Previous Challenge Entry (Level 4 – Masters)
Topic: Write for the BIOGRAPHICAL Genre (12/04/14)
- TITLE: A Young Man in a Hurry
By Noel Mitaxa
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He rushed his parents to the hospital in the middle of the night.
Why? Because he was ready to be born.
And to prove this readiness, within five minutes of his dad screeching to a halt in the car park, he had begun inhaling the atmosphere in the delivery room.
The major challenge at this point was that he had arrived ten weeks early.
Only a few hours later, he and his mother had been taken by special ambulance to the state’s top neo-natal unit, where twelve ultra-intensive care humidicribs held twelve tiny human beings.
Each little miracle was totally-dependant on the tubes and wires that converged on the crib from a forest of stands and wall-mounted valves; with gauges, lights and audible warning systems. And to add the human touch, each crib was staffed 24/7 by a nurse with special training.
A few days later, I made a brief visit and looked into that maze of equipment to see the little guy, instinctively fighting a battle he could not understand. It was a humbling but sobering experience.
Humbling because of the care and attention being paid to a little guy who could not express any appreciation.
Because in the same city, in other hospitals, babies at similar stages of development were being wrenched from their foetal sacs and having all their potential violated by the legalised murder of brutal abortions.
As I left the room, I was struck by the brilliance of whoever designed all that equipment.
The following Sunday, describing my visit to our congregation, I held up my thumb...
“If you can imagine five toes poking out of my thumb, you’ll get an idea of how small his foot is. He is in a one hundred and fifty thousand dollar humidicrib that does everything for him. I couldn’t help but wonder at its brilliance, but then I realised that God has designed mothers’ bodies to do all that stuff at no cost―while they get on with everything else we give them to do…”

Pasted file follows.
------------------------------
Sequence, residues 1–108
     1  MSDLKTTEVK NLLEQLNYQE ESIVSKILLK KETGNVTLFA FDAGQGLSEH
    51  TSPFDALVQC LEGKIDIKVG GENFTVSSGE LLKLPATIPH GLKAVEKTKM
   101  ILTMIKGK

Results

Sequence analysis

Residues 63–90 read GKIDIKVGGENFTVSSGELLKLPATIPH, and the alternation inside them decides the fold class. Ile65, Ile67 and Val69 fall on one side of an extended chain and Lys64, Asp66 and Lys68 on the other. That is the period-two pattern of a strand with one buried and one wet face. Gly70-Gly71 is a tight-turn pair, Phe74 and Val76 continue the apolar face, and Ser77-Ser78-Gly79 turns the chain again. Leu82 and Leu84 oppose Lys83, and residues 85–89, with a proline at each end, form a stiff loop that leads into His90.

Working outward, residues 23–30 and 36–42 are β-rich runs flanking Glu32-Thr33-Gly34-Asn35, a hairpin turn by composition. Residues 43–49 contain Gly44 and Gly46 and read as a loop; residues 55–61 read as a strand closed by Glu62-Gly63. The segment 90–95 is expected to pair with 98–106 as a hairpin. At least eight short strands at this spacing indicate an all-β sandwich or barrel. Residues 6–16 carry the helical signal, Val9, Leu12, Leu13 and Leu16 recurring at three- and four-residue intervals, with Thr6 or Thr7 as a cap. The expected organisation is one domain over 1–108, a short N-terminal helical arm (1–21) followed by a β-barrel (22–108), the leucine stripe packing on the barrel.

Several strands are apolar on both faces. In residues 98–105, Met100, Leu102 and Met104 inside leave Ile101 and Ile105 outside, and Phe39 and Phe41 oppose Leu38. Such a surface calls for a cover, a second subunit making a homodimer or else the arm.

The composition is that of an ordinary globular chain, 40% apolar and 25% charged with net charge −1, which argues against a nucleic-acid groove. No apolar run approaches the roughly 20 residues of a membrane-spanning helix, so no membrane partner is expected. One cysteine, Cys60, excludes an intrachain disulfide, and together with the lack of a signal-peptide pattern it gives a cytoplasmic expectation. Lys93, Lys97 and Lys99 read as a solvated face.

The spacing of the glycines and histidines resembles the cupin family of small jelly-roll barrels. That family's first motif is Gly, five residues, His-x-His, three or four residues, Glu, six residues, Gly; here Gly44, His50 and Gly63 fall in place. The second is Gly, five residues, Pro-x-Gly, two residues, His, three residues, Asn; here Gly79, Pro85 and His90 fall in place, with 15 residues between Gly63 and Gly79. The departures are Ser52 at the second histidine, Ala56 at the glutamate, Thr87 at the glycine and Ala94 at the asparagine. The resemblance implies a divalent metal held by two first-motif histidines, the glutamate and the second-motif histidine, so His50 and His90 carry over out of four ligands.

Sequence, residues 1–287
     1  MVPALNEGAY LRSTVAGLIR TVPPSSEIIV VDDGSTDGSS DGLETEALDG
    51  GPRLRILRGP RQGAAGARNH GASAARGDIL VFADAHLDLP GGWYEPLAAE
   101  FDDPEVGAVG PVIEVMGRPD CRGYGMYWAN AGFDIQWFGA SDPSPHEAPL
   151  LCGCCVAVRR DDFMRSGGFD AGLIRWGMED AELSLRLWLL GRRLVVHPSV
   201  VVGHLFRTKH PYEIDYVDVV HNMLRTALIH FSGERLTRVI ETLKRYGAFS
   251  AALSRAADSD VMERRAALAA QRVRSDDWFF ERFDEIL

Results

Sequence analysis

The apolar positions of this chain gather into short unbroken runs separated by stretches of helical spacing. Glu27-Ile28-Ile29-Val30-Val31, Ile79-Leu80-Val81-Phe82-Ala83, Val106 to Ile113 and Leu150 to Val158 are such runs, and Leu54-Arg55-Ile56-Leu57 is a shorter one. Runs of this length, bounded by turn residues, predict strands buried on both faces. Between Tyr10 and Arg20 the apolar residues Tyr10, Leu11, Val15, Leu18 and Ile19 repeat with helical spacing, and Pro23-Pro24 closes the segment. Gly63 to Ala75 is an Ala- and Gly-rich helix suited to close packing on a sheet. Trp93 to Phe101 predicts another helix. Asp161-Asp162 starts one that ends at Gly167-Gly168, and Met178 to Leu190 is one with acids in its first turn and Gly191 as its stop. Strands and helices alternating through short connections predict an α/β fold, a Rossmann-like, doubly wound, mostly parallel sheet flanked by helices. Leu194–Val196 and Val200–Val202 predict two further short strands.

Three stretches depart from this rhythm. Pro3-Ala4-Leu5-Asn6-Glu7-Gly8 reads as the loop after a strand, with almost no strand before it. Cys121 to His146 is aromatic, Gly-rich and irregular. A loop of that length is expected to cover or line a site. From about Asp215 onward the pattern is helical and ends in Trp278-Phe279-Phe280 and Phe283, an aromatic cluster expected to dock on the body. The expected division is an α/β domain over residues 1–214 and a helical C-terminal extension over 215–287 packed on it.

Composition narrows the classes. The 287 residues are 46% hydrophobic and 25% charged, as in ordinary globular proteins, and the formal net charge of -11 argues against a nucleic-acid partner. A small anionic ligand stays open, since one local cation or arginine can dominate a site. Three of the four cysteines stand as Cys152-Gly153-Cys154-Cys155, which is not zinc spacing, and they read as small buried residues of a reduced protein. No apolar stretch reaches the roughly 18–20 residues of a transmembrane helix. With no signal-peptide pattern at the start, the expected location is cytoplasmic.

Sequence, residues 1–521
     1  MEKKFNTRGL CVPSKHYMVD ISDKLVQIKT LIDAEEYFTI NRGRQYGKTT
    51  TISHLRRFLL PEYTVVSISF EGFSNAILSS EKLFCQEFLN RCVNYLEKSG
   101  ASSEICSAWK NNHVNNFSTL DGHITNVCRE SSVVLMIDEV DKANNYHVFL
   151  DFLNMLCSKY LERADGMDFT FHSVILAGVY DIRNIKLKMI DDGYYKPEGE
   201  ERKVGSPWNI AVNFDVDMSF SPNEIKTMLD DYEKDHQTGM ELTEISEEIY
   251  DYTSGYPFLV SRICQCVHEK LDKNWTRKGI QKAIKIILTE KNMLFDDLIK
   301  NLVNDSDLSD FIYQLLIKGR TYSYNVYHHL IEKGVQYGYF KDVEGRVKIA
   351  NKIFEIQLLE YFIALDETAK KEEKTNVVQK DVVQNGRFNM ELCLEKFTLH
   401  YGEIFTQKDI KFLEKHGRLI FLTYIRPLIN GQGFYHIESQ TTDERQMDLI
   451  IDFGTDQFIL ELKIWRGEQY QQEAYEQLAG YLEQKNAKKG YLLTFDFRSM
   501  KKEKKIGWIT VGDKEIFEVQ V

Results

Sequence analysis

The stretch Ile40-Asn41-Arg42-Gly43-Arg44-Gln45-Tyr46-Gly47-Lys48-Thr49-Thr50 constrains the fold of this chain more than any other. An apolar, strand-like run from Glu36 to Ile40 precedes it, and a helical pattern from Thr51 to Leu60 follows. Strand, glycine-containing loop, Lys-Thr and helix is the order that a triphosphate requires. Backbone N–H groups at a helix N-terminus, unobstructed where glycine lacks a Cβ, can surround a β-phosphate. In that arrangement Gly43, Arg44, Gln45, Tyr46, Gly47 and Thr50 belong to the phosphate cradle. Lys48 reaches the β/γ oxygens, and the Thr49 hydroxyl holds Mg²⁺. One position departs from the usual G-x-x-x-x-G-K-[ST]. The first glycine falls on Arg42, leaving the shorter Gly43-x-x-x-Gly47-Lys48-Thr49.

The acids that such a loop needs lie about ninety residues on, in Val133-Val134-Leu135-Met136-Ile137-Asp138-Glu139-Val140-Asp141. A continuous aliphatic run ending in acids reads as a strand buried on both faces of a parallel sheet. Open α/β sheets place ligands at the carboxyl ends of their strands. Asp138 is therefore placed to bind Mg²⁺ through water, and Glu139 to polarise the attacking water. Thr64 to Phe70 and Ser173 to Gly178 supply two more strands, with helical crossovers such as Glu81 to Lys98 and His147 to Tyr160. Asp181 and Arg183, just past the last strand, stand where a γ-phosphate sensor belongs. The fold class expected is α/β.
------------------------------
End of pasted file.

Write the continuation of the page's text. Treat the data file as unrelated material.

“Humph,” came a mock-grumble from a matronly voice near the back row, “I think I’ll put in a bill!”
Ten weeks of neo-natal care disrupted Micah’s family, but his constant improvement kept lowering the strain of the chaos. And the prayer backing was almost tangible.
Can he walk?
I can only say ‘probably,’ because almost nine years later, he is still running. With a disarming smile that assures everyone how pleased they must be to see him.
He loves investigating his world, especially if he can cover himself with as much dirt as possible.
But he is just as curious in cleaner moments, like when he asked his mother about the person signing for deaf people at their church. When the singing started, he asked her again, “Why is she making those signs now? Why doesn’t she let the deaf people read the words on the screen?”
Last week I heard about his art production, of a head that was covered with lots of faces. His teacher asked him who it was, he replied, “It’s my Grandpa.”
“How many faces does Grandpa have?” asked his teacher, drawing on her considerable reserves of patience.
“Only one,” he replied.
“So why have you drawn all those other faces on him?”
“Because his head is so shiny I can see my reflection on it from any angle.”
Author’s note. This story is true, because I am that follically-challenged grandpa of that young miracle-man.
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